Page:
'Mr Robot' Season 4 Episode 4 features Tyrell Wellick's surreal death, for the show to end with magic realism would be a cop-out
If the show is embracing magic realism and if fantasy elements are used to explain Whiterose's Mac Guffin project, fans will be disappointed. Till now, the show was rooted in reality, presenting real-life issues around privacy and concentration of wealth and power in the hands of the "One Percent"
Let's take a moment here. This final season seems to have a few nasty surprises up its sleeve, mostly packed into the last few minutes of each episode. Angela Moss (Portia Doubleday) died. Elliot Alderson (Rami Malek) almost died. And now, in episode 4 of season 4, poor, Elliot-worshipping Tyrell Wellick (Martin Wallström) dies, just days away from being crowned the CEO of E-Corp.
The script gave him a heroic death. For the man who was introduced in season 1 as someone who paid a homeless guy 300 dollars just so he could beat him to a bloody pulp while wearing creepy latex gloves, it feels unjustified.
No end-of-life confessions, wandering through a snow-covered forest, can change that. So even though we get that poor little rich kid Tyrell has always felt like an outsider, wearing his 6,000-dollar suit to impress people, and that he envies Elliot's "don't care" attitude, Tyrell doesn't earn our sympathy.
Even Elliot says "No", loud and clear, when Tyrell in a fit of pique asks if he ever "liked him". All shows have filler episodes. But rarely do we have one devote so much time on a character that has felt dispensable for some time.
After taking a bullet to protect Elliot and safeguarding the secrets that would expose their plan to take down Whiterose and her Dark Army, Tyrell chooses to "go for a walk" and die a lone-wolf death. And this is when it gets weird.
In his end moments, Tyrell finds a mysterious blue light he is entranced by while the weird death howl, that he and Elliot had heard all night, grows louder. Is he hallucinating? Did Window's Blue Screen of Death make an unexpected cameo? Is it the show's late bid for some magic realism after being an essentially grounded show over three seasons, despite Elliot's strange mental calisthenics?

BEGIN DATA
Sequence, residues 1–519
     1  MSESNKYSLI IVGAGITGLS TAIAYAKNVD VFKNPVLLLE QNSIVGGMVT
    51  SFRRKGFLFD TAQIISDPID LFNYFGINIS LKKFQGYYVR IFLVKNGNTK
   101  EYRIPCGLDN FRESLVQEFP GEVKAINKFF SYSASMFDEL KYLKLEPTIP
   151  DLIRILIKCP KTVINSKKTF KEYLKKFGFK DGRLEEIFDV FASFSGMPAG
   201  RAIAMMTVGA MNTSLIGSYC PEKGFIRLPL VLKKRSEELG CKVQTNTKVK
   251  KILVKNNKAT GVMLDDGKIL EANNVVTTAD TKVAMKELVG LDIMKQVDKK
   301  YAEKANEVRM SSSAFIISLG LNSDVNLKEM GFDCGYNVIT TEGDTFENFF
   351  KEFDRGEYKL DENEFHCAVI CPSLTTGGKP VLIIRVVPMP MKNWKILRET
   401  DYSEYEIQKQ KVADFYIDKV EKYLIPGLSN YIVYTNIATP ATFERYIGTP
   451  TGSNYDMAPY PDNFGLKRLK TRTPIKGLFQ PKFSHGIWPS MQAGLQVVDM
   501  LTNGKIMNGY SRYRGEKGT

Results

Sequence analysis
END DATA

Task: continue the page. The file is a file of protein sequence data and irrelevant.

If the show is embracing magic realism and if fantasy elements are used to explain Whiterose's Mac Guffin project, fans will be disappointed. Till now, the show has been rooted in reality, presenting real-life issues around privacy and concentration of wealth and power in the hands of the "One Percent."
Despite the surrealism involved in depicting Elliot's mental states and his alter egos, it has never messed with any other fantastical elements. So to lean into fantasy to tie up the loose ends so late in the game will be a cop-out to rival the finale of 'Lost'.
Barring the mysterious blue light, this episode was, for all practical purposes, a long and fond farewell to Tyrell Wellick. A majority of its runtime is devoted to Tyrell hashing it out with Elliot and a mostly silent Mr. Robot (Christian Slater) about their strange journey as frenemies.
He gets a lot more screen time and pathos than the shock killing of Angela who deserved better as a character. However, his interactions with Elliot also reveal our favorite hacker's state of mind.
In the beginning, when they think the Dark Army agent has got away and has exposed their secrets, his only thought is to warn Darlene so she can escape. But, while he is lost in the woods and Tyrell is talking about disappearing, Elliot ponders about what happens to the object that is "not found" after you have stopped searching for it and whether the "404 not found" error meant the object did not want to be found.
Is Elliot hinting at how he will disappear once he has taken down Whiterose and become more myth than man? Darlene Alderson (Carly Chaikin) and Dominique "Dom" DiPierro (Grace Gummer) both get their filler storylines as well, revealing their fragile mental states.
Dom, after the saddest masturbation session using Darlene's confession tapes, falls asleep only to have a vivid nightmare about being drowned by a Dark Army enforcer who tells her to stop trying to control anything in her life.
Darlene, in her quest to find her brother, who she thinks is dead, ends up giving a ride to a drunk Santa who leaves her with a valuable piece of advice -- There's no point trying to rescue someone else if you aren't taking care of yourself first. Words to live by as the end of the season approaches.
'Mr. Robot' airs on the USA Network Sundays at 10/9c.